With Boston down one, Marcus Smart put up a floater as time expired in Sacramento, it looked like the shot would fall, and…

Give the Kings credit, at a rough start they have gone 5-2 in November, and that despite injuries to Marvin Bagley Jr. and De'Aaron Fox. Buddy Hield had 35 points to lead the Kings, including going 7-of-12 from three.

The Celtics had a balanced attack with six players in double figures, but their offense was not as sharp as it has been. This was the first game it looked like they missed Gordon Hayward, who is out with a fractured hand.

Report: Last summer the Lakers, among others, were hoping Suns would buy out Aron Baynes

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Aron Baynes has been critical to the Suns racing out to a 7-4 start with the fourth-best net rating in the NBA. When Deandre Ayton was suspended for 25 games (after testing positive for a diuretic, a banned substance), Baynes has stepped up and been exactly what the Suns needed. He is scoring 15 points per game, shooting 46.5 percent from three (which is opening up the floor for guys like Devin Booker), and providing a big body defensive presence in the paint.

You can see why the Lakers and other teams were hoping Baynes would hit the market this summer. From Shams Charania of The Athletic.

Suns center Aron Baynes has emerged as a cornerstone piece for Phoenix early this season, supplying defense, leadership and, yes, shot-making. Phoenix acquired Baynes on draft night, and in the weeks to come contenders such as the Lakers hoped Baynes would reach a buyout with the Suns to hit the open market, sources said. Suns general manager James Jones and new head coach Monty Williams wanted Baynes — and are now receiving the rewards for the offseason move. Through 11 games, Baynes is averaging 15 points, 5.5 rebounds, 2.9 assists and 46.8 percent 3-point shooting (two 3s made per game). Baynes will enter free agency next July, and as one team executive said, “He is positioning himself for well over $10 million per year.”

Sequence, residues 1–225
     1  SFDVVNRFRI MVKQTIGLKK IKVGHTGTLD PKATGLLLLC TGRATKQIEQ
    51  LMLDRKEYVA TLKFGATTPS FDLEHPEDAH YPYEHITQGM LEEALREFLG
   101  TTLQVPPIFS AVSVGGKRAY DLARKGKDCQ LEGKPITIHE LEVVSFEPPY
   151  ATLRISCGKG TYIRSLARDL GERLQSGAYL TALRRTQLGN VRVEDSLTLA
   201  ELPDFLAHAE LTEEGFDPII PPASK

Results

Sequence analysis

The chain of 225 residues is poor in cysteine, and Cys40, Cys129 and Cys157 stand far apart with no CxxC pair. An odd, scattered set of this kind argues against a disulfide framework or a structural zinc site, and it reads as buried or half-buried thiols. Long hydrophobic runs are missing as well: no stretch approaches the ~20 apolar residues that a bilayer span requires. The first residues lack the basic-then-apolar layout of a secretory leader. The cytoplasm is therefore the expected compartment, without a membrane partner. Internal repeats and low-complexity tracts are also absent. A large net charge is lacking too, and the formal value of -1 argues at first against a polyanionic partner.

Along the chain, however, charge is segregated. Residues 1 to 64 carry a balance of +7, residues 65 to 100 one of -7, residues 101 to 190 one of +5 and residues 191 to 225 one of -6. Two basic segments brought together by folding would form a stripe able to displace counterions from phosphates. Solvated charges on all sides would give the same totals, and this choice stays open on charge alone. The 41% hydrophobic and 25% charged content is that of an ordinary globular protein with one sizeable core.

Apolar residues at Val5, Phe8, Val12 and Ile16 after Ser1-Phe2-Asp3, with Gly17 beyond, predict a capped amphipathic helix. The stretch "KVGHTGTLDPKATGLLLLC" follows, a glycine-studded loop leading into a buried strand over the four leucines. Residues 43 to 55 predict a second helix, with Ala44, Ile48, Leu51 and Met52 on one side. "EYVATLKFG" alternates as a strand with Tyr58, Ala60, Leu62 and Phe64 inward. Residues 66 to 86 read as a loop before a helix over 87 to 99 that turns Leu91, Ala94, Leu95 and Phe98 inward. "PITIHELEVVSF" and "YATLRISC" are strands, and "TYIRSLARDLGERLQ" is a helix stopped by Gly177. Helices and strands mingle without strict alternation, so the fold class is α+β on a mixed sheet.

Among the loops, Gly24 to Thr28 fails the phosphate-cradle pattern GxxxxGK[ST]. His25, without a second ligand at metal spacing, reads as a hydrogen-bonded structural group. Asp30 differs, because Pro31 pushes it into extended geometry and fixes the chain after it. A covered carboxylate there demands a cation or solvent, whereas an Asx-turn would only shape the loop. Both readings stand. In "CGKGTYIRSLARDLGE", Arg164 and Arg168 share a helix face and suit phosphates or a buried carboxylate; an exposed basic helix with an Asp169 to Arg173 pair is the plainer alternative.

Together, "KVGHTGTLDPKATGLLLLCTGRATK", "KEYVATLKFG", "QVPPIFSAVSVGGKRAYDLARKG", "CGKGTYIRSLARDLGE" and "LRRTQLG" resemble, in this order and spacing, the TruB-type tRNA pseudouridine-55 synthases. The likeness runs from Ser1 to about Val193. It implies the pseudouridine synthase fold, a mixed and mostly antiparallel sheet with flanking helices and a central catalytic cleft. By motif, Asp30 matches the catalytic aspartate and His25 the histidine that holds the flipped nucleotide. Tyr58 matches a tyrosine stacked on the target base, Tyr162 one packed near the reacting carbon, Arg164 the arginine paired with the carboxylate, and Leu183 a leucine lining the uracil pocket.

Smart move by Phoenix’s management to hold on to Baynes as an Ayton insurance policy (one they ended up needing). Plus, when trying to change a team’s culture (as Jones and Williams are working to do in Phoenix), you can’t have enough hardworking professionals in the locker room. Baynes brings that.

The Lakers thought they would have DeMarcus Cousins in the paint, but he tore his ACL over the summer. The tag team of Dwight Howard and JaVale McGee has worked surprisingly well for Los Angeles to start the season.

In what will be a down free-agent market next summer, Baynes is going to be in demand. His payday is coming.

Dion Waiters on suspension: ‘It’s a minor setback. It happens. It’s life.’

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Dion Waiters has yet to set foot on the court for the Miami Heat this season and is currently sitting out a 10-game suspension by the team for “conduct detrimental to the team.” He is not suspended for the gummy bears incident, but rather a series of team infractions (remember he was suspended for opening night, too, after a run-in with coach Erik Spoelstra). However, the fact this suspension came after that well-publicized disruption to the Heat is not a coincidence.